The Wireless Decade

car wash

I’m sitting in line at the car wash adding a blog post after reading some detailed articles regarding our wireless learners. Not so long ago I would have sat with a newspaper instead. I would have been limited to the content provided by the editors and authors of the day. Still an enriching experience but now I can direct my attention on the subjects I’m most interested in. They are at my fingertips. I’ve become the curator of my own learning.

At home one of the kids is using YouTube to develop a skill set in movie making. He’s spent a couple hours every night learning the tool and checking other artists creations to compare his own skills. He’s 13. He epitomizes today’s learner.

As we gear up for the movement towards BYOD devices in the classroom as a strategic plan instead of by accident, there’s a number of concerns bubbling to the murky surface that is the understanding of the learning community. Questions are focused on responsibility for the most part. It’s about damage and security and ownership. I have to admit that those concerns strike me as odd. I suppose it’s the teacher in me, but I would hope their first concerns would have been about improving learning.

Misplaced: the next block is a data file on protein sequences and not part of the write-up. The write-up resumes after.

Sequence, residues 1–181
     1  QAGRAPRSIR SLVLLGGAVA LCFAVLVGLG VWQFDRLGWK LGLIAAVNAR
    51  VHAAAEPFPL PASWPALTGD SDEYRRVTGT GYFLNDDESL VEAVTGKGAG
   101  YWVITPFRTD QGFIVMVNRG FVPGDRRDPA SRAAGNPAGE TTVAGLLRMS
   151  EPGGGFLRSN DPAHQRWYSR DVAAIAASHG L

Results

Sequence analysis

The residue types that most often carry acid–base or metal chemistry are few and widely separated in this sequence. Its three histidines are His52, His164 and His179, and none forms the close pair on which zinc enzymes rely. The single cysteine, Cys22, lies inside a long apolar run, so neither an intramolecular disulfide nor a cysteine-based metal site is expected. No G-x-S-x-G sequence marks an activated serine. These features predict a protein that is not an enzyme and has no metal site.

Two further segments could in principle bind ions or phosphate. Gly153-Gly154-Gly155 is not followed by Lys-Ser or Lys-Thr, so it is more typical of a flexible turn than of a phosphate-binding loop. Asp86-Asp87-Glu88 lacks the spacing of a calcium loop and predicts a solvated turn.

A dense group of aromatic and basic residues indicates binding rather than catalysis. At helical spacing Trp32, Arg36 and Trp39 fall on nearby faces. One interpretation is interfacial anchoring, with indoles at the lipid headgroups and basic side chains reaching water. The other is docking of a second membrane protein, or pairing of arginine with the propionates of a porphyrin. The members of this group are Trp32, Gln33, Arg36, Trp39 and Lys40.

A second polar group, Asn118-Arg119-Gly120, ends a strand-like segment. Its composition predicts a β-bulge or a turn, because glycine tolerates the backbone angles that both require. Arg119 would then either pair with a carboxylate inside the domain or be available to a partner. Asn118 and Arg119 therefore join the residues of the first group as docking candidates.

The number of resources busting loose on the web related to the benefit of personal devices as a part of student learning are beginning to pile up. The articles generally expand on the notion of gamification of learning, the benefit of personalized devices and student organization and ubiquitous access.

As I work to engage parents, I’ll be adding links and refer to the research in future posts. In the interim here’s an article posted by John Steele from Dell Computing regarding gamification of learning.

Wireless devices have proliferated the space we’re immersed in. My phone just pushed a notification that my garage door opened and then closed. I know the boys are off to school and that they remembered to close the door behind them. The WeMo motion sensors and the lights connected to them will automatically shut down shortly and the FitBit on my arm is tracking my efforts towards maintaining my goal of remaining under 40…

It is a wireless decade. The curiosity belongs intertwined with what this means to the average learner. A constant set of analytical data is available and the impact of that work can be seen everywhere.

Join the idea of wearable technology with data analytics and there’s a great chance we will be seeing adaptable learning that happens in real time as feedback from student owned devices lets both the teacher and the learner know if they are in the flow.

This decade is accelerating the use of all things wireless – as educators we need to seek the opportunities that will allow us to leverage these tools to help all kids learn.